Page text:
Many of my neural circuits - dating back years, or even decades - had been reawakened over the previous weeks. But it was now time to expand my horizons. There were still some friends out there whom I had not seen in a very long time, and several family members whom I had never even met. My time, so far, had bolstered the roots of many distant memories. Now it was time to concentrate more on the branches.
The north beckoned.
The Coast Mountains
My general plan was to shoot north along the Cassiar Highway, a remote yet beauteous stretch of road that I had been up once before, 25 years ago, during a road-trip to Alaska. I did not ride motorcycles back then, and had travelled by pick-up truck. Yet I recalled the Cassiar as a stunning route, and I was eager to see it once more, this time on two wheels rather than four. The Cassiar runs alongside the Coast Mountains, a range that extends across British Columbia, the Yukon, and Alaska. Approximately 1,600 kilometers in length, the Coast Mountains began their formation about 130 million years ago, when the colossal Pacific Plate was slowly subducted underneath the equally enormous North American Plate, culminating in a long, north-south line of volcanic activity.
Outside Terrace, heading north.
Totem poles at Gitanyow.
The Nass River.
Otter Mountain, on the road to Stewart.
Town of Stewart.
Nothing but scenery on the Cassiar Highway.
Dease Lake (the lake, not the town), still heading north.
Clouds painted across the heavens.
Approach to Stone Mountain Provincial Park.
Sunset outside Fort Nelson.
The Rocky Mountains
Now that I had experienced the Coast Mountains, the general plan was to ride south-east to visit the the Rocky Mountains. Although I had driven across the Rockies many times before, I had never really devoted any serious length of time to surveying those famed peaks. The Rocky Mountain Range is approximately 4,800 kilometers long and started its formation roughly 80 million years ago, when a group of smaller tectonic plates began to slide underneath the North American plate. The subduction process has persisted ever since, although the additional erosion provided by a succession of glaciers has also contributed to the morphology of the Rockies.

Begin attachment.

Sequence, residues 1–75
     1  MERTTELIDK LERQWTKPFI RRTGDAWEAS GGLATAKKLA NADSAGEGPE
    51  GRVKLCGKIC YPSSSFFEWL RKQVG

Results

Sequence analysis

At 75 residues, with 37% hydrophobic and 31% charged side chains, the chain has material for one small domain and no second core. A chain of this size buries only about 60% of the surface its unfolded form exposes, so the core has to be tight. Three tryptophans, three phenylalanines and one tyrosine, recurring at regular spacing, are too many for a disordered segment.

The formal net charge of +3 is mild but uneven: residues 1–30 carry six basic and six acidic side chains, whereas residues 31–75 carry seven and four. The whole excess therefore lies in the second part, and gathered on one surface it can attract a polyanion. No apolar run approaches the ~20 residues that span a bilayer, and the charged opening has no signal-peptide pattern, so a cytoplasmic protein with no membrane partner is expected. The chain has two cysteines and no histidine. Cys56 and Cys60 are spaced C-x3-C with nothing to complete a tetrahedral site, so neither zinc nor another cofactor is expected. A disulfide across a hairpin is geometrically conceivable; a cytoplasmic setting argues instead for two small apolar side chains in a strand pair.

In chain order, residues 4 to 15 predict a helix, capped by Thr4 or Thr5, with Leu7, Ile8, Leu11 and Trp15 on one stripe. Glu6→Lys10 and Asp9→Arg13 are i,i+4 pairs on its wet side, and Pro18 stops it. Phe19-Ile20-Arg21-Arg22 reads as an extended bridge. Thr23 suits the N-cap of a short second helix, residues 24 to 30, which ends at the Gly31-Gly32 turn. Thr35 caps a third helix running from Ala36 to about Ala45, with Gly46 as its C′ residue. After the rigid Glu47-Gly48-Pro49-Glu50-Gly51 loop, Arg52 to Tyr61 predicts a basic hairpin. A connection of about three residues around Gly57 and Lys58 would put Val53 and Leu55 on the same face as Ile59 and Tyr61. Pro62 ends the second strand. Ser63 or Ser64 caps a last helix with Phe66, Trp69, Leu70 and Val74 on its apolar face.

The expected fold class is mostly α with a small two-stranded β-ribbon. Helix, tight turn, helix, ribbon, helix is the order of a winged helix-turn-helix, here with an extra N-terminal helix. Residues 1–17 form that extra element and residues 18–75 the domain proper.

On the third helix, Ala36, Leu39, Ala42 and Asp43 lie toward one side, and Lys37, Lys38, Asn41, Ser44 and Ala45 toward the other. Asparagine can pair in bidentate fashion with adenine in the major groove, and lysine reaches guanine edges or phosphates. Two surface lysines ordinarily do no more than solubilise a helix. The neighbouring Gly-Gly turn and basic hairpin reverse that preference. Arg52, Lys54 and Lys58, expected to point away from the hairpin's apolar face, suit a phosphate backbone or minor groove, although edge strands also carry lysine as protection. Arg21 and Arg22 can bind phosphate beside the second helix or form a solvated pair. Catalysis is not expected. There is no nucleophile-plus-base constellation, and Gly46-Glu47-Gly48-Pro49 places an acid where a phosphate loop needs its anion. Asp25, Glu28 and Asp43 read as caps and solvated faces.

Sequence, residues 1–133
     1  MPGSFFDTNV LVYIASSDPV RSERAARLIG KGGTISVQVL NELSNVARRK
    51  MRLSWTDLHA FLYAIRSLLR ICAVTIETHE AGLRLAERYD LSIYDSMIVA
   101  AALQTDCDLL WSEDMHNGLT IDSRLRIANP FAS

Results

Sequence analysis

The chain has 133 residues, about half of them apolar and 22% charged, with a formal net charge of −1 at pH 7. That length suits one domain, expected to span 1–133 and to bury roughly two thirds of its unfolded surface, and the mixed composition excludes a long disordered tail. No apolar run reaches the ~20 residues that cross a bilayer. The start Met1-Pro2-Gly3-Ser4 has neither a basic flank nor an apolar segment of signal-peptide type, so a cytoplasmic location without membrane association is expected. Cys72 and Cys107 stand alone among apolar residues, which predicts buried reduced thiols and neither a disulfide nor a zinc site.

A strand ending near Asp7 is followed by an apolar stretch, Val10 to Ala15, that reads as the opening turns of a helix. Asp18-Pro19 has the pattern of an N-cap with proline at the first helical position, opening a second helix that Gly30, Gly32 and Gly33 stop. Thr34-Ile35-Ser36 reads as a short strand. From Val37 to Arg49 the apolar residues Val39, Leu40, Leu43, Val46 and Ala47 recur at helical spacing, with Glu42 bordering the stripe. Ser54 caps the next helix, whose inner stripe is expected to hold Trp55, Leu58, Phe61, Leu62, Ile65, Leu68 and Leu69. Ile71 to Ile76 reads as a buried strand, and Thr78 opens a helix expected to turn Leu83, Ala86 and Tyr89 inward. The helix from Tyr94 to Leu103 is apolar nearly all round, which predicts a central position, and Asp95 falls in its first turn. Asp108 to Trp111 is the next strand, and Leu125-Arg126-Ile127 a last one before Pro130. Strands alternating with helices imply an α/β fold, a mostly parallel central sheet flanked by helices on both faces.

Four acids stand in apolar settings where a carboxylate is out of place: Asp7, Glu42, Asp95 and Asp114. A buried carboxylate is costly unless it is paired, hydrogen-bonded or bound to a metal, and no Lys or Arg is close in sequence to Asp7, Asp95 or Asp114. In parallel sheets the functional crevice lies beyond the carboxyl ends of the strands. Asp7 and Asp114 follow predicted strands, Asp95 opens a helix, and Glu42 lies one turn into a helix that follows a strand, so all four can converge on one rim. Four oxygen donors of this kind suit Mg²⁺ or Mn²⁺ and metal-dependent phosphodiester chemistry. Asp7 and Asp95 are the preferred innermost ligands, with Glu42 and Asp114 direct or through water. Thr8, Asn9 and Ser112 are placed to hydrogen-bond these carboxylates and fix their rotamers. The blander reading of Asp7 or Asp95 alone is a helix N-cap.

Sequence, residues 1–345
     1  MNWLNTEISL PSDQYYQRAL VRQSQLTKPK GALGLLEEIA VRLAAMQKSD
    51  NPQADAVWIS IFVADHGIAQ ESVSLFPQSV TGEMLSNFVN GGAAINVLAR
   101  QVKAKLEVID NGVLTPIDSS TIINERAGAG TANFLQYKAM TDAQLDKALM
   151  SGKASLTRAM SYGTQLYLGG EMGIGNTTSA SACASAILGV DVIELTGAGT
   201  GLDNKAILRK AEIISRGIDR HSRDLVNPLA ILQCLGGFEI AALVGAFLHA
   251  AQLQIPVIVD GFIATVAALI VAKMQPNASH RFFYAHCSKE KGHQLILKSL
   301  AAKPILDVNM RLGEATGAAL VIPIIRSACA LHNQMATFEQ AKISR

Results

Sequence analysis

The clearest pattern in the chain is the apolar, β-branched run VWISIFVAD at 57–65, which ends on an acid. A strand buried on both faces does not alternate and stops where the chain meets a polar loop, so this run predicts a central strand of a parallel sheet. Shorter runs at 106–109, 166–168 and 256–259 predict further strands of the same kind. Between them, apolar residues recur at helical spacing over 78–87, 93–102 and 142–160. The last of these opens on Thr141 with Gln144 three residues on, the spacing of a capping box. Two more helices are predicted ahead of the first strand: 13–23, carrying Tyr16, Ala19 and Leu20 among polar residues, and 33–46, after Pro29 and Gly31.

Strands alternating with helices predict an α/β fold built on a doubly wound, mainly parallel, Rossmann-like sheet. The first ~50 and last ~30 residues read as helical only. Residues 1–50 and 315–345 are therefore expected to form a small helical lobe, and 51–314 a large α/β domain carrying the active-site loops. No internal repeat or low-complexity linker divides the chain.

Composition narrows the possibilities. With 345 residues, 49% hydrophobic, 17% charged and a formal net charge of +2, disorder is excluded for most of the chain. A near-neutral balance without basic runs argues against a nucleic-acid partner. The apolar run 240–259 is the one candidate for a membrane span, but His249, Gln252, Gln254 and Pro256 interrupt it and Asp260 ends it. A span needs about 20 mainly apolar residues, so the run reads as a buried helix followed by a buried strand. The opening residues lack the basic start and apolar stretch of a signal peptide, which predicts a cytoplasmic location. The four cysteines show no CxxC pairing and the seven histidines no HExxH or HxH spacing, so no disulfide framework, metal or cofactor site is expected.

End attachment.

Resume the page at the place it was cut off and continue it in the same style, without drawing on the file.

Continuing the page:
Entering the Rocky Mountains.
Shadows of sun over Mount Robson.
Mirror in Moose Lake.
Guardians of Jasper National Park.
The stegosaurus-like contours of Clevis Peak.
Stutfield Glacier, peering out from behind a cimmerian forest.
Mount Athabasca, clothed in fire and ice.
Mighty Crowfoot Glacier.
In nature, Euclidean geometry is the exception, not the rule.
Tim and I catch up in Canmore...over 20 years later.
Several years ago, I discovered that I had an older sister. For some strange reason, I do not quite recall when, or even how, I came by this information. Perhaps it was locked away in some remote corner of my brain, where it lay, smoldering, waiting for the appropriate time to be actioned upon. We had made contact a couple of months beforehand and, fortunately, she was as keen to meet up as I was. Bhari lives in Cochrane, Alberta, with her husband John, her three sons Jake, Joe, and Jack, and her daughter Jamie.
Bhari, John, and their sons - Jake, Joe, and Jack.
Meeting my sister Bhari.
Catching up with Aunt Barb.
Pat and Janice.
Tim and Ren.
Simon and Roanna.
Mike and Karen Kenyon.
Chilling with Hewitt.
Bill and Jill Redpath.
Great coffee with cousin Tara.
My folks, 48th wedding anniversary.
Cloud's last ride.
Eagle's tree at Spearfish.